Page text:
1. My go-to place for the "can there possibly be chow outside the Bay" people (not suggesting that this is the case for you, just it seems to be for me) is the original La Serenata de Garibaldi in Boyle Heights. Wonderful, upscale Mexican fish and seafood in a really gritty neighbourhood. I posted an extended review about it a month or six weeks ago.

                  1. AOC is my suggestion, too.

                    1. No disrespect to poster-Scotty, but do you realize there are a several thousand places to eat in LA, representing just about every cuisine, culture & dining level in the world. And you really expect to find the perfect recommendation with such general info ?
                      Price range?
                      Locations?
                      Atmosphere?
                      What cuisines do your guests like?
                      Details. Details. Details!

                      1 Reply
                      1. re: ilikefood

                        No disrespect taken-it is very open isn't it?

                        I don't know the people very well at all, so I couldn't really give details.

                        Thanks all for some great ideas.

                        Dinner is Wed. night-I'll let my guests pick from my list and I'll report back on where we go and how it went.

                        T

                      2. Take them to CUT... Wolfgang Puck's new place that is red hot right now... if you can get in.

                        http://wolfgangpuck.com/rest/fine/cut...

                        Another cool place that is always a winner with visitors (and the chow is very good too) is the restaurant at the Getty Center... can book on Open Table... nice setting/view too.

                        1. If you know a really good Thai restuarant that would be a good pick because SF Thai is kinda boring, one note. Lawry's might be good if they like old school. AOC sounds like a good bet, especially if they are foodie types. The upscale Mexican seafood sounds like an interesting place, that is also underrepresented in SF (home of the taqueria and overstuffed burrito.)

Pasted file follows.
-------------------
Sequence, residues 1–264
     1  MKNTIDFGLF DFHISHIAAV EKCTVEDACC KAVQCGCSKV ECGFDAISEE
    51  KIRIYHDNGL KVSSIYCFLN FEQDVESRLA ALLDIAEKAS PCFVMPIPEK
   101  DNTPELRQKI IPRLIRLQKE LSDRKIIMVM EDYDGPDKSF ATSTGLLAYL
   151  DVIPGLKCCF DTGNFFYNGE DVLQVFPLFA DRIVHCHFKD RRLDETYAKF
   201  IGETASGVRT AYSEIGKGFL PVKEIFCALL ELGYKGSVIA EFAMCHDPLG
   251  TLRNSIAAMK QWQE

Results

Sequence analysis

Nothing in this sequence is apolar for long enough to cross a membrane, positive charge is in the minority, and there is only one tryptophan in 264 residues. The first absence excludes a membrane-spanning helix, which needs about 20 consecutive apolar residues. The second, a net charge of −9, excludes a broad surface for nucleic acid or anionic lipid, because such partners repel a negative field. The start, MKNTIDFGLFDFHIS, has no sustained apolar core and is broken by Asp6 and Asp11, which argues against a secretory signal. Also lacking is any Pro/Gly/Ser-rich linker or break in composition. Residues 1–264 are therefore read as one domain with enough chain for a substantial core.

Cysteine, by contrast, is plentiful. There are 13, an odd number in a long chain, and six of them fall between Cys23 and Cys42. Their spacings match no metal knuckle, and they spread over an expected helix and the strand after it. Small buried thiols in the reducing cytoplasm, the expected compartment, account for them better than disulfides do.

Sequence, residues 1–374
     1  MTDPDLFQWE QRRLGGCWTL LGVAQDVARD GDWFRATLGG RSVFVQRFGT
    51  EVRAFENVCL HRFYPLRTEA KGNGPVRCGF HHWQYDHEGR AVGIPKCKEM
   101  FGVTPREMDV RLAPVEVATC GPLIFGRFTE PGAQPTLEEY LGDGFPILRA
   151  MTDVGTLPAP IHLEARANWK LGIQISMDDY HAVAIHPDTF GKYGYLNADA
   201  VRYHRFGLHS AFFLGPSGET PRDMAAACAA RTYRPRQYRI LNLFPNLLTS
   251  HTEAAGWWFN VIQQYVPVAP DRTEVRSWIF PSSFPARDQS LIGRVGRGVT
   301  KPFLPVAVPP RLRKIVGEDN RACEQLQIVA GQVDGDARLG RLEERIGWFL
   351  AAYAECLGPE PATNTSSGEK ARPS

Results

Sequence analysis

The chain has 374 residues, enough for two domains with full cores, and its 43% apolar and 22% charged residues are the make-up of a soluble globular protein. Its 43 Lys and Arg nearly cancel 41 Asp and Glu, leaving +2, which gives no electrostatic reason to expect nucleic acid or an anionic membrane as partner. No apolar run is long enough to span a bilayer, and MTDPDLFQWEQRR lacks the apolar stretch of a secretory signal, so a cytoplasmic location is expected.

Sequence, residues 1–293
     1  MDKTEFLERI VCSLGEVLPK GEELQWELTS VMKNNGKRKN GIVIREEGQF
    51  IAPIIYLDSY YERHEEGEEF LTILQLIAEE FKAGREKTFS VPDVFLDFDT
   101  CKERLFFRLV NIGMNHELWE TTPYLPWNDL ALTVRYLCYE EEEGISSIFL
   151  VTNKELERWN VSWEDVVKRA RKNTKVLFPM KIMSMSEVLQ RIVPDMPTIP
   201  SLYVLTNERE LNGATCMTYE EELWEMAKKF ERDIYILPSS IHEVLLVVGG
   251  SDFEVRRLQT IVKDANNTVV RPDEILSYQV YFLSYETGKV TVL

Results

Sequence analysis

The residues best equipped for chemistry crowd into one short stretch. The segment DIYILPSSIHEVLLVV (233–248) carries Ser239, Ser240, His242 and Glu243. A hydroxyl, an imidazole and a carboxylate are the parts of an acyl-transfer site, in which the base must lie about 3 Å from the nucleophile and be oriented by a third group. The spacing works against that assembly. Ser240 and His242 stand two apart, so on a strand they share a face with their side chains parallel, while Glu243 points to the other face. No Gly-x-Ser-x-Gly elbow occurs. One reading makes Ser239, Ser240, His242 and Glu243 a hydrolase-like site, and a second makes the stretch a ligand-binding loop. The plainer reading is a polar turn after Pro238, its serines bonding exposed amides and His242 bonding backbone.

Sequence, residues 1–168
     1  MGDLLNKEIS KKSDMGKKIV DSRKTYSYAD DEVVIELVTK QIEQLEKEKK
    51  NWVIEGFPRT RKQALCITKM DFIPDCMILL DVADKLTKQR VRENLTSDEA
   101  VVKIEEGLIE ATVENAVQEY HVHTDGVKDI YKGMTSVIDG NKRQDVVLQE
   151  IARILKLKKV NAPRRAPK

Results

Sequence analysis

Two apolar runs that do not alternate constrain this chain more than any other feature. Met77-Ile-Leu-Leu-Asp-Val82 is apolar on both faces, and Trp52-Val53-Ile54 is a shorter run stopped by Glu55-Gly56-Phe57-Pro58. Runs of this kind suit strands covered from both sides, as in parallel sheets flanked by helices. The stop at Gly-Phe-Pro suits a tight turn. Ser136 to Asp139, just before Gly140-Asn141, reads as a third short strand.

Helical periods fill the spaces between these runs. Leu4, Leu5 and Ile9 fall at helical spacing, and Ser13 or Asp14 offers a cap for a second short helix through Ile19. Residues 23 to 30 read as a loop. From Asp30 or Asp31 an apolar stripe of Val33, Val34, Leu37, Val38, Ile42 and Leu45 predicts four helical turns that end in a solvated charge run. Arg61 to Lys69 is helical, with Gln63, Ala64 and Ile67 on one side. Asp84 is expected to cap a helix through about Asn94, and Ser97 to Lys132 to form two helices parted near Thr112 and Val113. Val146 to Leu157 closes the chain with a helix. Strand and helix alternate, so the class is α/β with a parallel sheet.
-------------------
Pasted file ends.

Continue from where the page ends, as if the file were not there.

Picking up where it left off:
1. How about a "Modern take on Moroccan Cuisine"? Check out the link on Tagine and the slide picture report link:

                            http://www.chowhound.com/topics/show/...

                            1. If you want to take them somewhere small, out of the way, intimate but with unexpectedly great food, take them to Bistro K in South Pasadena. The food is fine dining, but it's a lot less money that Cut or AOC. Bistro K is a tiny jewel of a place, very charming, with highly artistic cuisine at prices your San Francisco buddies will be in shock over. They don't have a wine license, so bring your own--corkage is free! It's easy to get to from Burbank, too. Just go down the 134 to Fair Oaks, turn right, and go about 2 miles to El Centro, turn right and it's about two blocks down. Bay Area folks will be amazed at the free and abundant street parking! (Be aware that service can be slow. Be prepared to spend a couple of hours there.)

                              1. LA has the best sushi outside of Tokyo, so I would recommend that. Take them to Sasabune or Sushi Zo. High quality sushi like that is just not commonplace in other cities, unless you pay huge prices.

                                I would skip Urasawa. I have never been, but I honestly object to paying that much for dinner. Is the sushi at Urasawa really three or four-times as good as the sushi at Sasabune? I find that tough to believe. Urasawa seems to exist as much for the high quality food as the opportunity for a diner to announce to the world that they can afford to pay $300+ per person for dinner.